The French government closed the bank accounts of Turkey's religious authority Diyanet Wednesday as part of the country's new policy to "combat interference."
Deputy head of the Turkish Diyanet Foundation (TDV), Selim Argun, said in Parliament that the bank accounts belonging to the institution in Paris and Bordeaux, as well as accounts of mosque foundations, were closed
President Emanuel Macron announced Tuesday that France will stop offering foreign language classes, including Turkish lessons, if the country fails to reach an agreement with Turkey and other countries regarding its mission to combat "foreign interference."
Macron told reporters in the eastern city of Mulhouse that the government will end foreign language and cultural classes throughout the country as of September 2020.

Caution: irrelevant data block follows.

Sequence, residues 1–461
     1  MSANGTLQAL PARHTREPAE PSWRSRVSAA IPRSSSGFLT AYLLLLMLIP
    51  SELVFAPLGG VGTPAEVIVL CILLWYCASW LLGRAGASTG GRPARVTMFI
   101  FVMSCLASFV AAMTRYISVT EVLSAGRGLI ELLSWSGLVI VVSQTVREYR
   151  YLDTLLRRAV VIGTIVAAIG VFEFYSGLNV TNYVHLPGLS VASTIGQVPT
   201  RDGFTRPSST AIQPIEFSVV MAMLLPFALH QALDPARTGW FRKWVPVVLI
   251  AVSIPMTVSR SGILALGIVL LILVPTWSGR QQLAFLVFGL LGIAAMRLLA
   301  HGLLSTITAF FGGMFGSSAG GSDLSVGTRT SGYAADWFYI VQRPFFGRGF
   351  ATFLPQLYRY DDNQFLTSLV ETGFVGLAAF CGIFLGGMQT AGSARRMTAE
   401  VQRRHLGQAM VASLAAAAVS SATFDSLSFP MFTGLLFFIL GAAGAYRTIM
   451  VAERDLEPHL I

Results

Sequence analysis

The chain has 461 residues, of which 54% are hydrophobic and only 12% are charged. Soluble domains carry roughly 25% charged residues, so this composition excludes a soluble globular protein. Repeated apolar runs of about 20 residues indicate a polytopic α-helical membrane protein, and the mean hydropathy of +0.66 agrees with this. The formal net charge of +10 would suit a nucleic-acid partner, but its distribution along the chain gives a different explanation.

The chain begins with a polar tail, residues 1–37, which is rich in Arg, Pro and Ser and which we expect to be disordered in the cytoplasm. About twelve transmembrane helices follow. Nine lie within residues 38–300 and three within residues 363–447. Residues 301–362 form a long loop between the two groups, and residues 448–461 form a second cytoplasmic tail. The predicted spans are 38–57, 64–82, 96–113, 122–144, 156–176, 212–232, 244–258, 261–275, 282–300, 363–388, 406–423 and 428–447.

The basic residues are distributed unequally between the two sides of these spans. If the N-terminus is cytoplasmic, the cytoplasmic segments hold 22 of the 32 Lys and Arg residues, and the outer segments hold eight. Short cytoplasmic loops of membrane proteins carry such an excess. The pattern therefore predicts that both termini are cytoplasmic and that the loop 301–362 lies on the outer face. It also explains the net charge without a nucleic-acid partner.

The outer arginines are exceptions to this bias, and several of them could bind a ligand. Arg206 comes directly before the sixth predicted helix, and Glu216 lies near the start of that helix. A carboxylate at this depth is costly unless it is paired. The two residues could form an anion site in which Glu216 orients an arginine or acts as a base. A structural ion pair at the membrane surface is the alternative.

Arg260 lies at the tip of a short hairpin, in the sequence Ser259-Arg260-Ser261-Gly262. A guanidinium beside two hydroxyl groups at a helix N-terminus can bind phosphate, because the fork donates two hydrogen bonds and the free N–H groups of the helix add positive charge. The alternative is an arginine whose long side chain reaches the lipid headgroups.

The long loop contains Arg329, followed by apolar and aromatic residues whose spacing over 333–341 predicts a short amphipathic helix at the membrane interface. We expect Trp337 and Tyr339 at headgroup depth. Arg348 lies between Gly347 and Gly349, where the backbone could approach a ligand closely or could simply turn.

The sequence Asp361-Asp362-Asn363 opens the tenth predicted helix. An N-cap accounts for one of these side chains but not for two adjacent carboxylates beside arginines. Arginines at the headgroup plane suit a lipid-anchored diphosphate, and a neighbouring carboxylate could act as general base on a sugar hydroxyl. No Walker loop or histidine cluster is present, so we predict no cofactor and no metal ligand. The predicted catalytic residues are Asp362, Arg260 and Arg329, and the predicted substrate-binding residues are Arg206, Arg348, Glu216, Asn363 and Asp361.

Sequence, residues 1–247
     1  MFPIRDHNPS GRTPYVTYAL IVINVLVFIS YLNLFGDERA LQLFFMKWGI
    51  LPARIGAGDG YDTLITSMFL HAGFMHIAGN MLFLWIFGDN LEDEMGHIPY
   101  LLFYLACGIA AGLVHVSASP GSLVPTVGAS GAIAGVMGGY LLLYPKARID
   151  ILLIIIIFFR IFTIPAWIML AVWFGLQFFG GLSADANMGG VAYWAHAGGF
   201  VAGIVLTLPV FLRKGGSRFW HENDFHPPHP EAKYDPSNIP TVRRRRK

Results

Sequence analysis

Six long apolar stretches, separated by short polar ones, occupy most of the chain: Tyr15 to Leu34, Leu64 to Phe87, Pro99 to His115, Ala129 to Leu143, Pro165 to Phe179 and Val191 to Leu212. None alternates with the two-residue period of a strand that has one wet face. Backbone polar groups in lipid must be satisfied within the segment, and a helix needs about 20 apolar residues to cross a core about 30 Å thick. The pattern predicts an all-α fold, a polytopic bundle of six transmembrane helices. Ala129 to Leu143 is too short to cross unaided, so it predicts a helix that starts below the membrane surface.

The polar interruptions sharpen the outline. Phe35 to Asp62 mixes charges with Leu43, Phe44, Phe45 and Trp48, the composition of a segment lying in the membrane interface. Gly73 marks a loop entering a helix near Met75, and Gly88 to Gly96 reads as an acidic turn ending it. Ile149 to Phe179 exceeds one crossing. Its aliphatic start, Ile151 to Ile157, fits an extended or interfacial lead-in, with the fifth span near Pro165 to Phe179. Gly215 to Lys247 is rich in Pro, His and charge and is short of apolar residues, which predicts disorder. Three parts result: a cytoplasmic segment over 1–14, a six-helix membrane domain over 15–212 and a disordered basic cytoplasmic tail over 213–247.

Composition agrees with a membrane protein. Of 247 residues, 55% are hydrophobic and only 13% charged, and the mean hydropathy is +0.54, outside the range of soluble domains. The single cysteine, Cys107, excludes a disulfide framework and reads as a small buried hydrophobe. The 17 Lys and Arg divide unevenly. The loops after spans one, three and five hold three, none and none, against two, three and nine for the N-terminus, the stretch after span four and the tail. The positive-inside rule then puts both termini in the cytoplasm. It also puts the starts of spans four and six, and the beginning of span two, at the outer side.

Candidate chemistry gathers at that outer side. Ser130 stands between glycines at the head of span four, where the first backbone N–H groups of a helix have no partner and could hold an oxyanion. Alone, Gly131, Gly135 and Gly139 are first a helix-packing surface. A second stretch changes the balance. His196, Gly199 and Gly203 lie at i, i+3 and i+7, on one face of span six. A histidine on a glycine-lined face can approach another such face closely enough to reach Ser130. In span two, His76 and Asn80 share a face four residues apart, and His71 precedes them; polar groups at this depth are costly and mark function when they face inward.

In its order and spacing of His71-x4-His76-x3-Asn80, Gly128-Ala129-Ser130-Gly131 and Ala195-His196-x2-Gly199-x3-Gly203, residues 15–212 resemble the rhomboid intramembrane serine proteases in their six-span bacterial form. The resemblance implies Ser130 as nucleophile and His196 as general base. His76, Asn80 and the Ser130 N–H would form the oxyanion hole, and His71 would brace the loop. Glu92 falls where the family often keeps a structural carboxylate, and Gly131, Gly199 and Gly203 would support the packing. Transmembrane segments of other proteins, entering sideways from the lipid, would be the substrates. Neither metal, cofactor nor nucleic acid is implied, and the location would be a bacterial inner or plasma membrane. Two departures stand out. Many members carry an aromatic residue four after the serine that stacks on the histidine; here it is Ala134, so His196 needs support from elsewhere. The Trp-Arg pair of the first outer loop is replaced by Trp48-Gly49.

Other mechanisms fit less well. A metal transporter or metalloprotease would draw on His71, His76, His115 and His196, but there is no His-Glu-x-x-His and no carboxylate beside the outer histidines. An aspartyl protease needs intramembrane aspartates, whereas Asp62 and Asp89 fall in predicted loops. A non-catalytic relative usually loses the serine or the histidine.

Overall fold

He claimed that some groups want to separate themselves from the laicist republic and choose not to respect the laws in the name of religion.
He will be ending a program signed in 1977 that allowed nine countries, including Turkey, Tunisia, Morocco and Algeria, to send teachers to France for language and cultural classes without interference by French authorities. The program teaches about 80,000 students per year.
The French president said the government aims to combat foreign interference in schools and mosques in the country, and asserted that it does not target Islam and that the problem is "not Muslim French people."
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